The social media marketing goals for XYZ Foundation are _________. Each organization will have different goals for participating on social networking sites. You will have a much easier time and see better results if you take the time to determine your goals before jumping into this.
Having the strategy well thought out and planned is a must. Otherwise, it’s like throwing a handful of darts at a target and hoping some of them hits the mark! Who in your organization will be responsible for maintaining, responding and interacting with your connections? What’s their level of understanding regarding technology? Have they been briefed on etiquette in regards to engaging, having conversations and customer service out in the OPEN?
The difference between approaching social media marketing with or without a content and editorial guide is like the difference between night and day. Have a plan for where your organization will get content and a system for how often and how much gets posted to your social networking sites.
#3: Google: Places ~ Alerts ~Trends/Insights ~ Google for Nonprofits
Google has an entire section devoted to nonprofits ~ Google Nonprofits. Make sure to check this out and determine if any of their offerings is a right fit for your organization. If your nonprofit has a physical location, create a Google Places account (or claim it if it’s already listed).
Create Google Alerts for your name, your organization’s name and any other relevant keywords. Google Trends and Google Insights are used for keyword research. You need to know what people are searching for in regards to your cause so that you can build some of your updates and blog posts around those keywords.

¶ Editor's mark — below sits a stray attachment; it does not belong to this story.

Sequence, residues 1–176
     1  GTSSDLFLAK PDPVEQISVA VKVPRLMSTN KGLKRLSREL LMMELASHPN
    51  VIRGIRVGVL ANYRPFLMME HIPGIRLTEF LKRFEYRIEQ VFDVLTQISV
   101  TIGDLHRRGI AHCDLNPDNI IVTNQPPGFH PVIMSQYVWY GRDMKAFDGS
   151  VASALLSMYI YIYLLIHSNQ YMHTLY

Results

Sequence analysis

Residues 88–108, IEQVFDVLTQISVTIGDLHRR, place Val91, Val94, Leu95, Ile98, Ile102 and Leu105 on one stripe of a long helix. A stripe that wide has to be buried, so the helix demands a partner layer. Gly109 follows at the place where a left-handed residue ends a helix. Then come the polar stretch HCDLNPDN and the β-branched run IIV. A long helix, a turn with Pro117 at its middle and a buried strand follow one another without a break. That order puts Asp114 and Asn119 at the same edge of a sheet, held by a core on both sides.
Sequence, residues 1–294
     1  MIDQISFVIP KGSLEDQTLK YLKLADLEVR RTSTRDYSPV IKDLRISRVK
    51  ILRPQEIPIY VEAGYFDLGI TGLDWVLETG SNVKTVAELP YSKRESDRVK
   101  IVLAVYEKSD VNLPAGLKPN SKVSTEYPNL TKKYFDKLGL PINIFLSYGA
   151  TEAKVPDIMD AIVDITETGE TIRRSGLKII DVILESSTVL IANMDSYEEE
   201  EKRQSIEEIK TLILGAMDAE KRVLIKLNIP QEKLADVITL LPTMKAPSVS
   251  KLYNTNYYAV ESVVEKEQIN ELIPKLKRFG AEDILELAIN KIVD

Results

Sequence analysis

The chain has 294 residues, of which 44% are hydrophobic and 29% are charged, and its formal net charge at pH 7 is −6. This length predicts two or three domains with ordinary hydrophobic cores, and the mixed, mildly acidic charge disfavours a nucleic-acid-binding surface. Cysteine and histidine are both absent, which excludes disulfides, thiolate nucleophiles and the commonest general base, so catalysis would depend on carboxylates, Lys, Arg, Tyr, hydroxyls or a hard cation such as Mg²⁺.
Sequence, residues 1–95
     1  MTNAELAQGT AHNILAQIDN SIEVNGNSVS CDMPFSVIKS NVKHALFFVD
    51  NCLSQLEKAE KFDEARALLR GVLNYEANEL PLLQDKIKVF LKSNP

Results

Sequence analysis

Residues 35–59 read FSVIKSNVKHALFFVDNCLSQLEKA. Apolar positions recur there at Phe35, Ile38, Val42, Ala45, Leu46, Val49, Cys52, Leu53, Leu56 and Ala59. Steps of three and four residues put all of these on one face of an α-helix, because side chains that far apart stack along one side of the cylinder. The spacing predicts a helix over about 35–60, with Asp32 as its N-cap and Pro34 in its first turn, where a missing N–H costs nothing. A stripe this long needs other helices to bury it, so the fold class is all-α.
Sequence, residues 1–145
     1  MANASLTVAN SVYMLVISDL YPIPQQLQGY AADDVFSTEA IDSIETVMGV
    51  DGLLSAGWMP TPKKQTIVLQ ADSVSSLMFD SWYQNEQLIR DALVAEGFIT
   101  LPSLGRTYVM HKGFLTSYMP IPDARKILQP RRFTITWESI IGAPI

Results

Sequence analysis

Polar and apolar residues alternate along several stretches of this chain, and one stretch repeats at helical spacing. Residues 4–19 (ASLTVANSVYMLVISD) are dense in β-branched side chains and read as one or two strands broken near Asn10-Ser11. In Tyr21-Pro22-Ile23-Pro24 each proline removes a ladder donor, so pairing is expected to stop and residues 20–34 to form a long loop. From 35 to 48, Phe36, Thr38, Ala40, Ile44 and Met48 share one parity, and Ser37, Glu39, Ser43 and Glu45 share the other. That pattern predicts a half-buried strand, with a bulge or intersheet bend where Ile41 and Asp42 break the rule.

#4: Facebook: Page ~ Cause ~ Engagement
Create a Facebook Page for your organization. Put a great deal of thought into who creates the account for you as the Page is tied to the original creator (original administrator) and CANNOT be changed. You do not want an intern, temporary volunteer or an employee whose time is limited to create the Page.
Facebook created the Causes Application specifically for nonprofits. This is a perfect way for your supporters to help spread the word about your cause as they can share it with their friends and post the Cause Badge to their personal profile.
Your Facebook Page is a venue to connect, engage, converse and share with your supporters. Make sure to do that. If someone takes the time to comment on the Page Wall or share a photo or video on the Wall, respond to their comment or shared information.
#5: Twitter: Search ~ Texting ~ Hashtags
Twitter is highly overlooked as a phenomenal research tool. When using Twitter in conjunction with a website such as Hootsuite you can create columns for specific search terms and keywords. You also want to use this feature for brand monitoring. Create columns monitoring the mention of your name and organization.
Donating through text messagesin conjunction with Twitter has proven highly effective. Twitter’s hashtag feature (and go here for more hashtag information) can be used with a fundraising campaign and with events to track the “conversation”.
Next 5 keys coming your way in a few days. Until then, remember this, “I make the time to build our organizations brand, gain support for our cause and market our organization online.”
(Go HERE for Part 2 ~ Thanks y’all!)